The government has filed a petition for rehearing. It concludes,
"If the prosecutor had known that the Singer case was going to the jury on Monday, and if the prosecutor had known that the Portland Press Herald was going to make a front-page story out of his remarks, and if the prosecutor had known that the story would focus on 'white-collar crime', and if the prosecutor had known that his reference to that phrase would later be coupled to the Singer case, one would have to say that the prosecutor's control was indiscreet, to say the least. We submit, however, that none of these conditions applied here and that the timing of the regrettable publicity was wholly beyond the prosecutor's control."
We divide this in two parts.
Timing. It appears from the petition that the trial commenced on Monday, July 14; that on Thursday, July 17, the chief prosecutor, Mr. Mills, was interviewed as a "guest personality" by members of the media; that the interview was taped for subsequent broadcast; that Mr. Mills expected, or concededly, should have expected, that the broadcast "probably" would occur on Sunday, July 20; that the case went to the jury on Monday, following the newspaper publication; that on one occasion, six months prior, the court had submitted a case to the jury on a Saturday morning.
On this basis, with all due respect to the government, we cannot accept the claim that the "timing . . . was wholly beyond the prosecutor's control." There was no obligation on Mr. Mills' part, at least vis-a-vis the government, to appear as a guest speaker on this particular Thursday. On his own concession, release the following Sunday was probable, and, obviously, the next morning was when the broadcast would be reported in the press. There is no suggestion in the petition that he thought on Thursday that the case would go to the jury on Friday. Courts do not normally sit Saturdays. There is no suggestion that he in fact thought there would be an exception made in this case. Hence, rather than being beyond control, the timing of what the government concedes was regrettable publicity, was entirely foreseeable.
Subject Matter. The petition alleges that Mr. Mills "had . . . only minimal or incidental control over the televised interview." But clearly he had control over whether he gave the interview or not. Nor can it be though that he did not have control over what he said. Equally difficult to understand is the allegation that he "had no control over the subject matter of the newspaper publicity." There is no claim of misquotation. The only contention is that the newspaper emphasized ("zeroed in on") some particular remarks. One would be highly unsophisticated to suppose that a paper does not find some remarks more newsworthy than others.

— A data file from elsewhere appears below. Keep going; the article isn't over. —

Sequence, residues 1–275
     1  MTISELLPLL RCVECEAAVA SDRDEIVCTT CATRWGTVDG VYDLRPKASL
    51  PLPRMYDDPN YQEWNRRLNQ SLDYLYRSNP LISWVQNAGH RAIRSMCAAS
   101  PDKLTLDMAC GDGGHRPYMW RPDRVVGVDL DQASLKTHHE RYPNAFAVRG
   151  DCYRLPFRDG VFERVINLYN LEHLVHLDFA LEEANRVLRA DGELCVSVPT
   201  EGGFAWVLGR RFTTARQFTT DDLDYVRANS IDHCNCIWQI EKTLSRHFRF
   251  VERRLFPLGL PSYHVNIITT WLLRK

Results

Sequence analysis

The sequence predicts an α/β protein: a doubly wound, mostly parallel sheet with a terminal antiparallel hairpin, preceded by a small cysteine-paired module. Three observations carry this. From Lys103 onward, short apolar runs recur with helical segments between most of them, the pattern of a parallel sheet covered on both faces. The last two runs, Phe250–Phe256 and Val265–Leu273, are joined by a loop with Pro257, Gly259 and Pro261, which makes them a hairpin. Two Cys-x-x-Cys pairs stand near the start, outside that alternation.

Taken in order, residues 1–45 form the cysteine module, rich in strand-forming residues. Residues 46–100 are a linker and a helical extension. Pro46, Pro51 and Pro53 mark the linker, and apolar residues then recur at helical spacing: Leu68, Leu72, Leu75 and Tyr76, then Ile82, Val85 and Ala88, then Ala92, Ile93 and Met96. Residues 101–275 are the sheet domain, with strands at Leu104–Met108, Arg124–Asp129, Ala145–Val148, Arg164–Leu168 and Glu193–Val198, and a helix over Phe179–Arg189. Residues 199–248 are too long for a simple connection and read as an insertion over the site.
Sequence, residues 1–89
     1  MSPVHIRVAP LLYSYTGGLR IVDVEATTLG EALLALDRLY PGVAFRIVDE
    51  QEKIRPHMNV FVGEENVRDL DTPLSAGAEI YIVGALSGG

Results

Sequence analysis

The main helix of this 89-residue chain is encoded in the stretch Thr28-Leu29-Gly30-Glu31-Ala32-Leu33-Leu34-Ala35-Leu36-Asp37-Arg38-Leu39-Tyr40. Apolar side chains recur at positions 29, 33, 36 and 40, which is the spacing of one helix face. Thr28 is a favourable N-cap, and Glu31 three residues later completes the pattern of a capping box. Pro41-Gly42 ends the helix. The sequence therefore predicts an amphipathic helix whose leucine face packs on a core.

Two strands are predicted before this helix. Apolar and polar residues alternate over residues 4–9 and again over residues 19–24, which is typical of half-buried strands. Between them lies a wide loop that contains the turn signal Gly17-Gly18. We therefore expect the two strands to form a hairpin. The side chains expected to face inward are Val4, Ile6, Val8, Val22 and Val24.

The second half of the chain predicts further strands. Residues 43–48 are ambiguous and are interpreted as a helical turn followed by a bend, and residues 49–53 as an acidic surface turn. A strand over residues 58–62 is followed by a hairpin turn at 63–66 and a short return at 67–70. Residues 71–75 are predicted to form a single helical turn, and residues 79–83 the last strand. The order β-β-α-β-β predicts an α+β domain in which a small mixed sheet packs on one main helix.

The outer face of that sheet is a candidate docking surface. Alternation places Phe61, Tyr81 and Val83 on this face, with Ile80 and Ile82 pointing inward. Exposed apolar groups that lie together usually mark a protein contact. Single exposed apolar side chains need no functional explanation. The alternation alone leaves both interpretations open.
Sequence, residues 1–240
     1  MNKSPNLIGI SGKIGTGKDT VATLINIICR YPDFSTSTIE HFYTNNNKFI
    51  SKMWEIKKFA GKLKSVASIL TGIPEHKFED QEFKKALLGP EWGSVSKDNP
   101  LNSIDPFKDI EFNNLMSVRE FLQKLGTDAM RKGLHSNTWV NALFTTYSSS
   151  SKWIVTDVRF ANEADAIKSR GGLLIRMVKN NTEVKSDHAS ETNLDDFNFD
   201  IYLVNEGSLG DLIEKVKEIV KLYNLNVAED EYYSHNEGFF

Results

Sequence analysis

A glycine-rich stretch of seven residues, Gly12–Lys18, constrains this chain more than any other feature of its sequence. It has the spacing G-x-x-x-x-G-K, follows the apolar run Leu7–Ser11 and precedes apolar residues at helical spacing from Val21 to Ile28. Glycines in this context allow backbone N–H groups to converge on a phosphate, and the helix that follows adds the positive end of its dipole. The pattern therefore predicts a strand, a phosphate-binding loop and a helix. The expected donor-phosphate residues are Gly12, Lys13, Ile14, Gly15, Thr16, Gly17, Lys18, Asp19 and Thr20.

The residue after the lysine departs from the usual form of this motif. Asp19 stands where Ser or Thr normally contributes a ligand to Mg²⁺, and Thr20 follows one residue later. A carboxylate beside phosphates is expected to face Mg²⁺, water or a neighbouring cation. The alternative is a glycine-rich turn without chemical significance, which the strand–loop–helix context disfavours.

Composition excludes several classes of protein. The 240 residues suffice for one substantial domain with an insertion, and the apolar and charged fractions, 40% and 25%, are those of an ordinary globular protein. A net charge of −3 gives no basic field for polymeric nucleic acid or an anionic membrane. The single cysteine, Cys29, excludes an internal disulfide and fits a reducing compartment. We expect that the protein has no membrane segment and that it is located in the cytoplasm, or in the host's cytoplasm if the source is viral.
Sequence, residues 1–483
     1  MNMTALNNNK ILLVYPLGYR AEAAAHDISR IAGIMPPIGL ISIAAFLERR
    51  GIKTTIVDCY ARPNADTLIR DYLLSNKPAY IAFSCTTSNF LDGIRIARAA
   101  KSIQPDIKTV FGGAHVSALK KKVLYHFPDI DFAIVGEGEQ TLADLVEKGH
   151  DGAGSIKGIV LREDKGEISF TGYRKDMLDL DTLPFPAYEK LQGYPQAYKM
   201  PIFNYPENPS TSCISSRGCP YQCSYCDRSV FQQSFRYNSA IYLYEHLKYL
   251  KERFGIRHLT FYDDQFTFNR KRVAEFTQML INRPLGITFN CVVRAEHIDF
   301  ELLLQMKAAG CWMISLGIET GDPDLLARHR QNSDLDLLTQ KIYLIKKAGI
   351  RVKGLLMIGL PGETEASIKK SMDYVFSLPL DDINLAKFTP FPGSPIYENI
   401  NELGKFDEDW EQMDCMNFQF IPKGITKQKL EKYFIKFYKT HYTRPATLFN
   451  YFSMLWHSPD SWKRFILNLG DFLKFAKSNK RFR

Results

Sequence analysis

In sum, the petition does not support its above quoted conclusion, either as to timeliness, or as to subject matter. The most that could be said is that Mr. Mills may not have expected front page publicity. But we would be the last to suggest that a newspaper, assuming that something is printable, cannot choose the place and the manner. The petition almost suggests that we are interfering with a free press. A careful reading of our opinion shows that we said the reverse. It is because of the rights of the press that the prosecutor must choose a time to speak that will not interfere with his obligation of fairness to defendants.
This would be the end of the matter were it not for the content of a memorandum filed by the Department of Justice and the United States Attorneys elsewhere in this circuit which shows a misconception of what we have held. There is a vast difference between a United States Attorney's "keeping the public informed on the general administration of federal criminal justice in his district," and telling a jury that a particular judge before whom it is sitting imposes inadequate sentences in the type of case they are hearing. It is hornbook law that a judge cannot inform a jury in advance of the sentence he will impose. United States v. Glick, 2 Cir., 1972, 463 F.2d 491, 494; Demetree v. United States, 5 Cir., 1953, 207 F.2d 892, 895-96.1 For reasons pointed out in our opinion, it may be even worse for the prosecutor to state that the sentence will be too small.
To answer the Department's memorandum, we would say the same thing, whether it be in a small district, or a large one. But by the same token, on rereading our opinion, we see no basis for saying that we have imposed a "gag rule" in any district. A United States Attorney is free at any time, for example, to state that the government is going to make a point of prosecuting white collar crimes. The difficulty came from what he added.
Axiomatically, as reflected in the American Bar Association Standards cited in our main opinion, a prosecutor must "not give . . . any extrajudicial statement or interview, relating to the trial or the parties or issues in the trial." In our opinion we have merely applied this proscription to views which, though not explicit references, are fraught with the same possibility of influencing the jury.2 This must include possibly jury-influencing statements about the judge. We cannot believe the government's memorandum that in a large district there may never be a time when such remarks may be made, but if that is so a prosecutor's obligation to provide a fair trial is more important than a right to publicize his opinions.
The petition for rehearing is denied.
The petition for rehearing is denied.
1. See also Fryson v. State, 1973, 17 Md.App. 320, 301 A.2d 211 (reversible error for prosecutor to inform jury that defendant might receive probation or be paroled).
2. Indeed improper explicit references may in some circumstances result in personal liability of the prosecutor. Cf. Martin v. Merola, 2 Cir. 1976, 532 F.2d 191, 195 (Lumbard, C.J., concurring).